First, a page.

Adding to my previous paragraph about the difference between problems and predicaments, I have written quite a bit in the past about pollution loading and have included quite a few articles about it here over time (see this one in particular); especially Shanna Swan's article about pollution loading taking away our ability to reproduce. An article I came upon today paints a pretty grim picture along the same lines, providing more context upon this topic pointing out how this new era needs more than just one name to identify the age of humans (Anthropocene) focusing on other names such as "Eurocene" (who is responsible), and "Capitalocene" (the system that is responsible), and "Toxcene" (the subject of this article). I also noticed how the word "problem" is mentioned rather than "predicament," indicating the typical reductionism of thinking in terms that this issue actually has an answer or solution (second to last paragraph). Proof once again that I continue to underestimate our denial of reality and lack of agency.

The best way for us to go through these predicaments is to be focused on reality. The first decade I studied overshoot, I was focused mainly on climate change and energy and resource decline. I used to be on the lookout for some sort of solution despite my knowledge of the difference between problems and predicaments. As I became more and more aware of the number of symptom predicaments, self-reinforcing positive feedbacks, and other inconvenient truths, I started to realize that not even a partial solution was truly in the works; that this whole idea was based on denial of reality and false beliefs (these myths [hopes] were born out of cultural programming and indoctrination). I began to see that we were on a train track headed down a mountain into a dark, cold tunnel, and what lay on the other side will not only be worse, the further we head down the mountain on this track, the worse conditions will become. Perhaps not all will be bad though. Leave room for some positive aspects to happen, as they inevitably will. The best that we can do is to face all of this with courage and not waste time or energy "hoping" for conditions which simply cannot be. Like I repeated (from Pete Townshend) in a recent article - face the face! Until next time, Live Now!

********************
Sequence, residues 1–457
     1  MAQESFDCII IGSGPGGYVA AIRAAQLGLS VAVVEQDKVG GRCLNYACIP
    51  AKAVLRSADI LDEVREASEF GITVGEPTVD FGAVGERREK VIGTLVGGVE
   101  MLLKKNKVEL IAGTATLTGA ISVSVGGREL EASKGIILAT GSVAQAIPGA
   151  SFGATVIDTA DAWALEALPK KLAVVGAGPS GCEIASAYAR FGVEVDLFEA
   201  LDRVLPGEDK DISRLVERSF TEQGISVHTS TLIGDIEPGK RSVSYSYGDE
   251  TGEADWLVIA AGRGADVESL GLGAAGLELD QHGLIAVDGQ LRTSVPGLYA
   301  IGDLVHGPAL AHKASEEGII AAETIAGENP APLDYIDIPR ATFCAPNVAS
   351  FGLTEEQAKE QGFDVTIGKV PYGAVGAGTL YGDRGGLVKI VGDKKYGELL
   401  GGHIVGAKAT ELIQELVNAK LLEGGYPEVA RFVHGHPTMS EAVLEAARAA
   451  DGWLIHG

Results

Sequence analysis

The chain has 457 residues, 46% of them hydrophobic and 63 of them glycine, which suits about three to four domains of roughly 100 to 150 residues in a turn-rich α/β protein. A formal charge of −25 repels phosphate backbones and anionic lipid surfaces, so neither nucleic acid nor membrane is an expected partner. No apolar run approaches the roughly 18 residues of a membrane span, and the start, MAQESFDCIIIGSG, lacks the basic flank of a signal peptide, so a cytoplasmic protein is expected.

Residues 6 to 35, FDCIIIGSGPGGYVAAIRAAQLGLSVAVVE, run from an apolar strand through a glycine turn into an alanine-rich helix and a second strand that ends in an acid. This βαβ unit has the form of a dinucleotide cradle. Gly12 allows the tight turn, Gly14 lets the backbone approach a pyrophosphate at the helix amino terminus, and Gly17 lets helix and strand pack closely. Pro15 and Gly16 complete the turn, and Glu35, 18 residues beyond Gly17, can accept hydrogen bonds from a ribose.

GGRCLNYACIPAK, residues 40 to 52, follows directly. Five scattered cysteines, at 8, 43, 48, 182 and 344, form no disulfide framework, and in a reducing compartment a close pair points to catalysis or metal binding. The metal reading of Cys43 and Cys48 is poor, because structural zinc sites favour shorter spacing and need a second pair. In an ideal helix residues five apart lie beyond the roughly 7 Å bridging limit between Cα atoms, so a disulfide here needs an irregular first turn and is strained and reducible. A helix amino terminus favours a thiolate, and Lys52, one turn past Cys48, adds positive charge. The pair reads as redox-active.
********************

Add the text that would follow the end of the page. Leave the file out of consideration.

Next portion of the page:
1. Thanks for the link to the addiction article.
    With regards to utopian dreams of hunter-gatherers, I think a point is missed. If a people have managed to live in the same place for 40 thousand years without going extinct, poisoning the water, air, and earth, then maybe they are doing something right? Their daily lives could be violent, etc, but so what? We are worse, we just hide the violence from view down cobalt mines, or off the coast of California in leaking steel drums.

    1. Excellent comment. Our overconsuming lifestyles are every bit as cruel as the gas chambers in WWII, except in this instance we are also injuring ourselves.